There are very few major personalities in the world of sports who have so much to say about our National Pastime. And even fewer who are as well respected as Bill White.
Bill White, who's now in his mid 70s, was an All-Star first baseman for many years with the New York Giants, St.Louis Cardinals and Philadelphia Phillies before launching a stellar broadcasting career with the New York Yankees for 18 years. He left the broadcast booth to become the President of the National League for five years.
A true pioneer as an African-American athlete, sportscaster, and top baseball executive, White has written his long-awaited autobiography in which he will be candid, open, and as always, most forthcoming about his life in baseball. Along the way, White shares never-before-told stories about his long working relationship with Phil Rizzutto, insights on George Steinbrenner, Barry Bonds, Reggie Jackson, Thurman Munson, Bob Gibson, Bart Giamatti, Fay Vincent, and scores of other top baseball names and Hall of Famers.
Best of all, White built his career on being outspoken, and the years fortunately have not mellowed him. Uppity is a baseball memoir that baseball fans everywhere will be buzzing about.
Honest, accomplished, and revered on and off the field, White, who played first base for the Giants, Cardinals, and Phillies, tells the story of his rise in baseball how he weathered the racist catcalls from the stands and inferior accommodations, considering it all a necessary evil at minor league ballparks in his preparation for the big leagues during the Jim Crow era. Old pros Monte Irvin and Willie Mays, who wrote the appreciative foreword, shepherded him through the rough times, along with the "tough love" shown by New York Giants manager Leo Durocher transforming White into an All-Star first baseman. Upon concluding his stellar career on first base with the St. Louis Cardinals and Philadelphia Phillies in 1969, he joined the colorful Phil Rizzuto in the broadcast booth to call New York Yankees games. His on-target comments about baseball's front office are grounded in the petty skirmishes and grand accomplishments of his five-year stint as president of the National League from 1989 to 1994. Sometimes brutally frank, White dishes the dirt on almost all of the leading baseball and broadcasting names in a truly controversial baseball memoir that will not be easily forgotten.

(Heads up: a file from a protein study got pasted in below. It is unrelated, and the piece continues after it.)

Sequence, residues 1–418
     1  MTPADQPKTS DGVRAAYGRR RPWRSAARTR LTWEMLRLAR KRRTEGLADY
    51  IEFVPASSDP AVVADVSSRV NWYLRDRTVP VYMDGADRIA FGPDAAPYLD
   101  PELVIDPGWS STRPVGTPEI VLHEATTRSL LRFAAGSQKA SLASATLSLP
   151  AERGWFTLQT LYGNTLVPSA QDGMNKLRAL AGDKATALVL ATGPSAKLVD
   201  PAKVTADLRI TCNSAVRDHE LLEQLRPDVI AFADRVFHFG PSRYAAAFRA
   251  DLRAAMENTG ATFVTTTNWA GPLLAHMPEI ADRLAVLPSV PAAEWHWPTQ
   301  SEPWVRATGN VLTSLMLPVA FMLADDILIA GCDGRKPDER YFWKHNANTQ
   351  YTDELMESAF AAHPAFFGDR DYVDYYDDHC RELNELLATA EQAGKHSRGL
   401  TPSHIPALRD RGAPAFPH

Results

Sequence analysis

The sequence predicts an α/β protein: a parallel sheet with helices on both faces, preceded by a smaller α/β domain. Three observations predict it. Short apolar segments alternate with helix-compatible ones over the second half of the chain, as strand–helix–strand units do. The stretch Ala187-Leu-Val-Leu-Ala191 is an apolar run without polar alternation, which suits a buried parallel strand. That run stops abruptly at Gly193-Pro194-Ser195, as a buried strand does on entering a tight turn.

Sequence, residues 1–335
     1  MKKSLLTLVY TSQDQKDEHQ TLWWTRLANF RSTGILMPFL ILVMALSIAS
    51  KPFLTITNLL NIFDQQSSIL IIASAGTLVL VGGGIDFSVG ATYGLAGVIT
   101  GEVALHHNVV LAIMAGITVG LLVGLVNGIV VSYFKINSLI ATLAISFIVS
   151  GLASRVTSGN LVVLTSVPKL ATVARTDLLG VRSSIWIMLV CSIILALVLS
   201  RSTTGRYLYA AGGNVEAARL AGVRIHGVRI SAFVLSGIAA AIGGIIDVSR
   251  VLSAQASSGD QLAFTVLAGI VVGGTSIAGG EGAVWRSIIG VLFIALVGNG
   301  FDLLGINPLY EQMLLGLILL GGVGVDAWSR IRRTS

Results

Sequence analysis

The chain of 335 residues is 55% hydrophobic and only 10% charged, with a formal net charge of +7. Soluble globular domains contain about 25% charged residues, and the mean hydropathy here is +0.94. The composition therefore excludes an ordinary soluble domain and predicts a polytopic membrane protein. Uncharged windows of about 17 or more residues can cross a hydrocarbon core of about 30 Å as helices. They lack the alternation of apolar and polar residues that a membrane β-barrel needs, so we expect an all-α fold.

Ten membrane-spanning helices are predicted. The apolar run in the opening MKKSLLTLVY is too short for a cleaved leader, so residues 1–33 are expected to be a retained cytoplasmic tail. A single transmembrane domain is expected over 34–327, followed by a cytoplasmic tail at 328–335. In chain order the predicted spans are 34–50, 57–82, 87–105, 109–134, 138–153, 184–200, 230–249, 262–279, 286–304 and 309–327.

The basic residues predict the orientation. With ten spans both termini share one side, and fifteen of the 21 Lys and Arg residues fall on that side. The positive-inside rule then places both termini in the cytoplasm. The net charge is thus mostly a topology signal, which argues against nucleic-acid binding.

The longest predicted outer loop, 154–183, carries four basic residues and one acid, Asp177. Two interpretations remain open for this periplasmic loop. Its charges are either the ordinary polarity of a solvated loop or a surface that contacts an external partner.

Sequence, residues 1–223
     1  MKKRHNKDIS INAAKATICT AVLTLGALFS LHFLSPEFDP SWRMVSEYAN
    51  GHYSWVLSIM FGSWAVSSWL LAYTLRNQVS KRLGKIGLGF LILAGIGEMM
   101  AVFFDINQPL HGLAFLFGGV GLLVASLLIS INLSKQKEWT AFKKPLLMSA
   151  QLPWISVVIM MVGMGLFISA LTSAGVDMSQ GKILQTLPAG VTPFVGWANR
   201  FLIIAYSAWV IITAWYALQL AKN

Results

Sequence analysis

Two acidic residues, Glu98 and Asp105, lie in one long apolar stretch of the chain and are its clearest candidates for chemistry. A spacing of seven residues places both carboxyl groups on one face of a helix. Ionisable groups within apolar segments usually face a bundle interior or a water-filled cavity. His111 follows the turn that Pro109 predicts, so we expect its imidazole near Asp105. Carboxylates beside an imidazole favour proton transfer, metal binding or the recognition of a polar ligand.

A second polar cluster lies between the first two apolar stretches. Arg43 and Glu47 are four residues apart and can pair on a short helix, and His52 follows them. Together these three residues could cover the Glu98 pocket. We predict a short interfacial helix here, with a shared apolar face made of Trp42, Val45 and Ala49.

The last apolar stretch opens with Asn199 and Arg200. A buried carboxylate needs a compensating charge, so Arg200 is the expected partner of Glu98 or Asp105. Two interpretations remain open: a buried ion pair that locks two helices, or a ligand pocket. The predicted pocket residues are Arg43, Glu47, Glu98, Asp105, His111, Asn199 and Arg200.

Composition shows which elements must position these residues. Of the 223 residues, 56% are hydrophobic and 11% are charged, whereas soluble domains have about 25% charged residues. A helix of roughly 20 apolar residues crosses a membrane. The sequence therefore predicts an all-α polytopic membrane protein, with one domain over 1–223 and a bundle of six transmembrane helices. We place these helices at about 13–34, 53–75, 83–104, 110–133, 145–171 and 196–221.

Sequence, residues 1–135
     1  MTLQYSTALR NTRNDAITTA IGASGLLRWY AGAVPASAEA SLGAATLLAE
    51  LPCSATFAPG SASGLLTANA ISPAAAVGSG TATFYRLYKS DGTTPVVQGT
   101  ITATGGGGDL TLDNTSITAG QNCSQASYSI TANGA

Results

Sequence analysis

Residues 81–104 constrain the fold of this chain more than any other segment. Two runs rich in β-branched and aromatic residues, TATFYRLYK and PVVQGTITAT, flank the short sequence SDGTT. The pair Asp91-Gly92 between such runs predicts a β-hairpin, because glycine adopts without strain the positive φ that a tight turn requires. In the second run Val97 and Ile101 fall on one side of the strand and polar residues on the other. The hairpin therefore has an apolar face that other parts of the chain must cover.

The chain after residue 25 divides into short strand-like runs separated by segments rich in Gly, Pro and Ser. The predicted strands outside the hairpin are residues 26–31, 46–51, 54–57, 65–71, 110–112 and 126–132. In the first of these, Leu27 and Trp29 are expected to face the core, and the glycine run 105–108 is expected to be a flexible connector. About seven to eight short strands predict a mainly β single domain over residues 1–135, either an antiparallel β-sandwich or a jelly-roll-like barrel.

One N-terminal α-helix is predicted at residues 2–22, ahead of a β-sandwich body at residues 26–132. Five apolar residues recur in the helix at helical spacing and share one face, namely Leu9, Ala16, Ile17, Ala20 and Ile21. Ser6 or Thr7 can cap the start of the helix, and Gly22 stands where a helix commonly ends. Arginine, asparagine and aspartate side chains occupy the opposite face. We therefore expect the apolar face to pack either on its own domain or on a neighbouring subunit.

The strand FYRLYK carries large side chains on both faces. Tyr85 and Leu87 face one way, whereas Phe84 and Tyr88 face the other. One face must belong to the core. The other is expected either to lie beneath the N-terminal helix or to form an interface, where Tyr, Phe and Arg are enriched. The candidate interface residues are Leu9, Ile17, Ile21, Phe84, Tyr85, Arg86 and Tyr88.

Good book by a good man
I grew up with Bill White announcing the Yankee games of the 1970s as part of the classic trio of Phil "the Scootah" Rizzuto and straightman Frank Messer. A class act all the way, he sheds new light (to me) regarding his time as an All-Star first baseman in a most tumultuous time. I'll always laugh at his once being addressed once by Rizzuto: "White! Did you ever play for the Yankees? No? That's right, you never did. That's why you have the right, to sing the blues."
A great baseball book written by a great baseball man.
Read the book in one day.